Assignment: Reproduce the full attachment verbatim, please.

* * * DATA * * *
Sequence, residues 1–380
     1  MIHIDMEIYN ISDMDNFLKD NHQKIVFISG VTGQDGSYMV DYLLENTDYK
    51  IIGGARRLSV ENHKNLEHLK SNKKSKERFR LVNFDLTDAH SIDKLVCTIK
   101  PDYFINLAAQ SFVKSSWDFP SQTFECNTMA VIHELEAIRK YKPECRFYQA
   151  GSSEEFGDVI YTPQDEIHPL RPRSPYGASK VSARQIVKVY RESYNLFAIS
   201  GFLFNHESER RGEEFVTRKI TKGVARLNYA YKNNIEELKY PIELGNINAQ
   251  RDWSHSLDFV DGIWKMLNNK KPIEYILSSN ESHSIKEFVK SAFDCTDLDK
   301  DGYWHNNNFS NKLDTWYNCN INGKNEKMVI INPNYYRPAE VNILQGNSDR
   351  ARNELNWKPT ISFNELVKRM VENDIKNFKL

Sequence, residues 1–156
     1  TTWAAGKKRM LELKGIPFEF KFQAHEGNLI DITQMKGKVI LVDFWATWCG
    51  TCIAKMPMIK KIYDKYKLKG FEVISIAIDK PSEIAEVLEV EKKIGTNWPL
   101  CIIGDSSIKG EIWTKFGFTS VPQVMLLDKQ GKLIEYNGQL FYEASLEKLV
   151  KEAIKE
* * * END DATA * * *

Sequence, residues 1–380
     1  MIHIDMEIYN ISDMDNFLKD NHQKIVFISG VTGQDGSYMV DYLLENTDYK
    51  IIGGARRLSV ENHKNLEHLK SNKKSKERFR LVNFDLTDAH SIDKLVCTIK
   101  PDYFINLAAQ SFVKSSWDFP SQTFECNTMA VIHELEAIRK YKPECRFYQA
   151  GSSEEFGDVI YTPQDEIHPL RPRSPYGASK VSARQIVKVY RESYNLFAIS
   201  GFLFNHESER RGEEFVTRKI TKGVARLNYA YKNNIEELKY PIELGNINAQ
   251  RDWSHSLDFV DGIWKMLNNK KPIEYILSSN ESHSIKEFVK SAFDCTDLDK
   301  DGYWHNNNFS NKLDTWYNCN INGKNEKMVI INPNYYRPAE VNILQGNSDR
   351  ARNELNWKPT ISFNELVKRM VENDIKNFKL

Sequence, residues 1–156
     1  TTWAAGKKRM LELKGIPFEF KFQAHEGNLI DITQMKGKVI LVDFWATWCG
    51  TCIAKMPMIK KIYDKYKLKG FEVISIAIDK PSEIAEVLEV EKKIGTNWPL
   101  CIIGDSSIKG EIWTKFGFTS VPQVMLLDKQ GKLIEYNGQL FYEASLEKLV
   151  KEAIKE